The truth is, the Alexandria Hotel is a blot on the otherwise unblemished face of the town of Baker City. Sherriff Winston Baker remembers this unfortunate fact only the night before the parade, while lying in bed next to his wife, Mrs. Patsy Baker. After some discussion, they both agree confidently that the citizens of Baker City will most likely congregate between Thurston Baker Avenue and Anita Edison Baker Street - an area they identify on a map Mrs. Baker has drawn with a steady hand in her diary. However, several people note that the population of Baker City seems to double that day, and conjecture that many townsfolk from Brinton and Iroquois Valley have come to enjoy the event. In any case, where the parade is to turn off, at Main Street and Samuel Austin Baker Road, the corner where the Alexandria Hotel stands, towards the Baker Mill, people are said to be “falling off the sidewalk.” And interestingly, interviews conducted with a number of townspeople over the years has corroborated the theory put forth later by Vice Deputy Thelonious Andrew Burns, a distant cousin of Winston Baker, that the Sheriff is most likely placing the autographed Stetson he’s received from Abe Zzyzzer in his office safe on the other end of town when, at 11:20 am, just as the open Lincoln of Kingsley Kuchner (AKA Cowboy Kingsley) is coming around the slow curve in the road, and moving towards the Alexandria Hotel.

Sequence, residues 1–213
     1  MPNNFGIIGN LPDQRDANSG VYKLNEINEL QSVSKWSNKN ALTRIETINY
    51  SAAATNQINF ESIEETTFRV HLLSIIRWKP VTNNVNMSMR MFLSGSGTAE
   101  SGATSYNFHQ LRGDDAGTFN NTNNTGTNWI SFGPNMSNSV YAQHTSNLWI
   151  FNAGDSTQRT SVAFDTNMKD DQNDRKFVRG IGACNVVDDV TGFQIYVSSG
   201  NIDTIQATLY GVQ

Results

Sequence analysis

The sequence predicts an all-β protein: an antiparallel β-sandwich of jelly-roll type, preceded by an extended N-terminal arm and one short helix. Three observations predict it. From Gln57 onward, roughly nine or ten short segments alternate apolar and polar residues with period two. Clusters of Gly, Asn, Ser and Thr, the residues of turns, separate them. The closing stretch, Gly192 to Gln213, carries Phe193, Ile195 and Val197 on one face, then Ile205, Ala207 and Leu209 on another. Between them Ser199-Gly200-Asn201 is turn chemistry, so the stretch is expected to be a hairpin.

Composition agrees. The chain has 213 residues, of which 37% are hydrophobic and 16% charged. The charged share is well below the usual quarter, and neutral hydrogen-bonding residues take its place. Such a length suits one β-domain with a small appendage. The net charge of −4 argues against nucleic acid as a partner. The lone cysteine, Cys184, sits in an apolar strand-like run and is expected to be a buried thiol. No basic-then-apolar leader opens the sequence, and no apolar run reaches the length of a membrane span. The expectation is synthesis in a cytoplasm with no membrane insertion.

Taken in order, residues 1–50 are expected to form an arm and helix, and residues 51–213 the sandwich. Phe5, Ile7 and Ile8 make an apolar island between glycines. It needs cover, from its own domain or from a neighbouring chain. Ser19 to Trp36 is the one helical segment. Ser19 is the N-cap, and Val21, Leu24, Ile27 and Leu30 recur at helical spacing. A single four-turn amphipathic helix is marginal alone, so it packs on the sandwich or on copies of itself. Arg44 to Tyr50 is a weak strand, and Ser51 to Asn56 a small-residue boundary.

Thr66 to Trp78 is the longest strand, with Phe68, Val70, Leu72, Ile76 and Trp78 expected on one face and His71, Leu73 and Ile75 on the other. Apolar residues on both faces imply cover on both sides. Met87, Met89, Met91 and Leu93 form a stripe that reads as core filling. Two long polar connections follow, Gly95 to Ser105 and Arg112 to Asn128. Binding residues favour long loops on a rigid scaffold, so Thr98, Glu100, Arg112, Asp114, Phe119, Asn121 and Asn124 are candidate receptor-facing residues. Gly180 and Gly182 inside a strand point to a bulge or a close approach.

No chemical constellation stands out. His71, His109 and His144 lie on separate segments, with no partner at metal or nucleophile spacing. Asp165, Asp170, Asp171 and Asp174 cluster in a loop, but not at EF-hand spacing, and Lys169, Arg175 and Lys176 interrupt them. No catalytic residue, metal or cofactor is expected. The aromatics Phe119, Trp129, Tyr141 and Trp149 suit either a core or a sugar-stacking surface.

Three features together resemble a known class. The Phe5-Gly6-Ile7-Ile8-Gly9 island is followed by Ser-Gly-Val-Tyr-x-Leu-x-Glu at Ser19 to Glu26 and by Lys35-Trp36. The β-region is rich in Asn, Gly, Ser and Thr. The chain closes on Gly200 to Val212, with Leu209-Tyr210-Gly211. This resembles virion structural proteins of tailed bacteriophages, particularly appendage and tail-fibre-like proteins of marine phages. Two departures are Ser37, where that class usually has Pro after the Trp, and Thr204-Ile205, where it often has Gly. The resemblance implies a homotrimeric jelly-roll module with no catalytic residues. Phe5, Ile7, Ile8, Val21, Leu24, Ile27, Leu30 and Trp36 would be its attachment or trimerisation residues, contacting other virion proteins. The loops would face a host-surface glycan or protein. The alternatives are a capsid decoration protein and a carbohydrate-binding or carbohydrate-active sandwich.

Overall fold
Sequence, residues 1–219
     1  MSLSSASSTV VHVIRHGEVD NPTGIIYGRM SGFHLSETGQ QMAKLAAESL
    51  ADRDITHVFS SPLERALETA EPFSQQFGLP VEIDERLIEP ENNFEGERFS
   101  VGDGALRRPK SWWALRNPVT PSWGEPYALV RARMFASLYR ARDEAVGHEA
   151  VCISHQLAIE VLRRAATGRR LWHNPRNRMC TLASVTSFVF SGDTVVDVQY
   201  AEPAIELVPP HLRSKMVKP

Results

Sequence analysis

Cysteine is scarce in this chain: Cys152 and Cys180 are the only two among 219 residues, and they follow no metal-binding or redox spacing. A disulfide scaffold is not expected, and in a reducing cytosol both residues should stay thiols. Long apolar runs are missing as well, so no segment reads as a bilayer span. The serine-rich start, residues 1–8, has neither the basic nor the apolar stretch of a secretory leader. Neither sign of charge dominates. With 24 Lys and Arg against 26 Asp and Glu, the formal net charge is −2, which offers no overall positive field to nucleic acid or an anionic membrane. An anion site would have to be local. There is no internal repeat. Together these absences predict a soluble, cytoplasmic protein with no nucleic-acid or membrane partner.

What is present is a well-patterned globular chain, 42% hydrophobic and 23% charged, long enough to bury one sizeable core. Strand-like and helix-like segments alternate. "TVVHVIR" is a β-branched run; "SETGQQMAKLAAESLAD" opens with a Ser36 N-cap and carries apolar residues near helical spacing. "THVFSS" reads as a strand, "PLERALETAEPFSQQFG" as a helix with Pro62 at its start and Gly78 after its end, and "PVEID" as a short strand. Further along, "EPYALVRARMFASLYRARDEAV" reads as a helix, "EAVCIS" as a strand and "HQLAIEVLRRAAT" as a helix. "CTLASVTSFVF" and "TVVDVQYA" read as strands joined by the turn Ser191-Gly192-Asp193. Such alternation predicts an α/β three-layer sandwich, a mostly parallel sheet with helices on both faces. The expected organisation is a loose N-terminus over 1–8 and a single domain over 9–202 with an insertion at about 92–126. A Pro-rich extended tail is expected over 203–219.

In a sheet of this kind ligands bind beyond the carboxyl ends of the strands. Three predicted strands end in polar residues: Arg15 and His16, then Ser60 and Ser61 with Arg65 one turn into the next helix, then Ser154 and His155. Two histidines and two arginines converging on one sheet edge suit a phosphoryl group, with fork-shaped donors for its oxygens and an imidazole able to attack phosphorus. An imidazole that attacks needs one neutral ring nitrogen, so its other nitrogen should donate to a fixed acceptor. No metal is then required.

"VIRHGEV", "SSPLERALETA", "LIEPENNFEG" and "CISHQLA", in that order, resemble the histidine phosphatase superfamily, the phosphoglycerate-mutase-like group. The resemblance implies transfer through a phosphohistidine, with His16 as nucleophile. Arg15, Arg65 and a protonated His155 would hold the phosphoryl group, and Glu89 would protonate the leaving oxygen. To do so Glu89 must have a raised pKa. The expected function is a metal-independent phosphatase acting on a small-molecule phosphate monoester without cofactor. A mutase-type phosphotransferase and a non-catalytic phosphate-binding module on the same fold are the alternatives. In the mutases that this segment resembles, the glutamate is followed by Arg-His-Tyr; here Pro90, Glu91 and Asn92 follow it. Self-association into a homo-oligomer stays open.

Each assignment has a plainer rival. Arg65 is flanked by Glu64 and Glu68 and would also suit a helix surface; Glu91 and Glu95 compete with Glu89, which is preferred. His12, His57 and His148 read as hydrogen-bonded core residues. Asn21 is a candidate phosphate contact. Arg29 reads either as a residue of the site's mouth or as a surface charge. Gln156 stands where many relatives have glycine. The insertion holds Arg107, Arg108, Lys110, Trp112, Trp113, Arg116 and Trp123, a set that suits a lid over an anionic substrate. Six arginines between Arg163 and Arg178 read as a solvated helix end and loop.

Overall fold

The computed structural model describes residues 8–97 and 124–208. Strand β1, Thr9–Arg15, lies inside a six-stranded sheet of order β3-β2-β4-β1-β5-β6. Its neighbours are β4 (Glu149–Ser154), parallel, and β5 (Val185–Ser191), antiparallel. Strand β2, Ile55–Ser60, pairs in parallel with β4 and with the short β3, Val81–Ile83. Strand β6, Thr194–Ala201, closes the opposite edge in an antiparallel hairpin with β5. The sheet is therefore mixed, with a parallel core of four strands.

The entire visit is intended to be like a number of visits that are to occur over a two-week period across seven states that spring. It has been noted that the event, in fact, should have been utterly forgotten.
On this day, nearly fifty energetic fifteen, sixteen and seventeen-year-old girls, dressed in red and silver spangled body leotards, spin their way down Main Street while the Winston Baker Senior High School Marching Band thunders and crashes in the rear. It is dazzling. And those watching, frankly, don’t know where to look. Young girls’ legs shoot forward, then back again; batons fly into the air and twirl above. A lanky boy marching at the back with a large white bass drum fastened to his torso pounds with such ferocity that many say their bellies begin to ache with excitement. “By God!” elderly Augustus Garfield is reported to say, “those girls and that marching band made everyone dizzy!” There is so much youth and energy that day, it doesn’t feel like a regular Saturday. In fact, it doesn’t feel like Baker City.